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Making the Tip
A drill bit starts as a rod made from a durable steel alloy. The rod is cylindrical with flat ends and usually has the same diameter as when the drill bit is completely finished. First, one of the flat ends must be transformed into a gently-sloping, cone-shaped tip. To accomplish this, a fully-automated machine grasps the rod and rotates it rapidly (i.e. over 1,000 revolutions per minute) about its axis (Figure 1). Meanwhile, the machine lowers a special stationary blade so that it touches the edge of the rod at an angle. The spinning of the rod grinds the entire circumference of the edge into the blade, gradually wearing it down until only a cone remains.
Cutting the Flutes
The machine stops spinning the rod and moves it into position for cutting the flutes. Here, a thin circular saw (usually made from ceramics, artificial diamond or other heavy-duty composite) angled diagonally to the rod cuts less than a millimeter into the side. As this happens, the saw slowly moves parallel to the rod as the machine slowly rotates the rod, resulting in a smooth helical groove (a.k.a. the "flute") along the length (Figure 2). Once the saw reaches the end of the drill bit, the machine repositions the saw at the front to cut the second flute into the rod.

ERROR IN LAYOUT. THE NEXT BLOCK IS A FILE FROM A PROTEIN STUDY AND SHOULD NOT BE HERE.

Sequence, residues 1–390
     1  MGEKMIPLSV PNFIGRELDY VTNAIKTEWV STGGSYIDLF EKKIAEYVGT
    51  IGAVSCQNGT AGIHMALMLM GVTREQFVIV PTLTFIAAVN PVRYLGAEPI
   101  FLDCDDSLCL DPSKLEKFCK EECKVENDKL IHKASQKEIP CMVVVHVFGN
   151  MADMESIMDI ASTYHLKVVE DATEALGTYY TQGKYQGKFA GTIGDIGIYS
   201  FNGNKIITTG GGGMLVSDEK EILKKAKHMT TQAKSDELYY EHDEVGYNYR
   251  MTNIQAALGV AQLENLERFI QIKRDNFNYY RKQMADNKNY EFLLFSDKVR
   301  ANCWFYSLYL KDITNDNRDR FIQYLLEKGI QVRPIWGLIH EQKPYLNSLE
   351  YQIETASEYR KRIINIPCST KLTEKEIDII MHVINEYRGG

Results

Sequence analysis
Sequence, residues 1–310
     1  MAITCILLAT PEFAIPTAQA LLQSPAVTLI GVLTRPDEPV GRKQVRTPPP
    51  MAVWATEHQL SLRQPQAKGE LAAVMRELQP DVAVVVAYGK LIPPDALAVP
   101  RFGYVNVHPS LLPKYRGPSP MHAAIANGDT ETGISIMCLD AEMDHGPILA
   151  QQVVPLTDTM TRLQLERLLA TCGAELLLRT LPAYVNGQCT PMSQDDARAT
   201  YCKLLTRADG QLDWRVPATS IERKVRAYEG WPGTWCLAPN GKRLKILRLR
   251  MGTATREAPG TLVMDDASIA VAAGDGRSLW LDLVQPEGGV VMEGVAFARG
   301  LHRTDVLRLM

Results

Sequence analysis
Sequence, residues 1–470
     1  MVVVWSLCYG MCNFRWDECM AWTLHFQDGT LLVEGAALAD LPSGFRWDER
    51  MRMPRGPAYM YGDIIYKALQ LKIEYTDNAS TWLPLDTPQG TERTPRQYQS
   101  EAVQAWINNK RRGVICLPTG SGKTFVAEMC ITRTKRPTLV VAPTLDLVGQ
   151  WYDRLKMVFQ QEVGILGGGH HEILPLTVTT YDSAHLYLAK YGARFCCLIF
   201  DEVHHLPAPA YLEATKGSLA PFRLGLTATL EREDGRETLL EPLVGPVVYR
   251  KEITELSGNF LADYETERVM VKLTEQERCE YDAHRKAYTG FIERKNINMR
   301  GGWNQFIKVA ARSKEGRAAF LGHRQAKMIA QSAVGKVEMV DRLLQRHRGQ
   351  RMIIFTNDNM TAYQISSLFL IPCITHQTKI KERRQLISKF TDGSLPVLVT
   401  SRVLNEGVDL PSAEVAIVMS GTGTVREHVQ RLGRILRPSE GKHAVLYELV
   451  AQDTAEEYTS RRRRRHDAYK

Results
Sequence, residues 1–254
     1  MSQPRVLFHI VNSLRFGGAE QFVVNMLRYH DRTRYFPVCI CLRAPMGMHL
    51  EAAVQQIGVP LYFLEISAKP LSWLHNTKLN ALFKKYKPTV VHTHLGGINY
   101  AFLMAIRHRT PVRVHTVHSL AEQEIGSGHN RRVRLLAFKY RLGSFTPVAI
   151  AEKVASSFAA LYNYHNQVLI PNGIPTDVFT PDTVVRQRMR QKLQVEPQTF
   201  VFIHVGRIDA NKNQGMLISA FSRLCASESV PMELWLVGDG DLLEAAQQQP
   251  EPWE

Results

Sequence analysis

To make the drill bit more durable, the manufacturer adds a thin coat of titanium nitride (TiN) to the entire surface. Titanium nitride is most commonly applied through a process called "physical vapor deposition" (PVD). In PVD, the drill bit is placed in a vacuum-sealed chamber with solid titanium nitride situated adjacently. When titanium nitride is heated in a very low-pressure environment (i.e. a vacuum), it "sublimates": turning directly from a solid into a gas.
Meanwhile, this gas slowly deposits on the surface of the drill one molecule at a time, until the entire body is covered in a thin, durable film.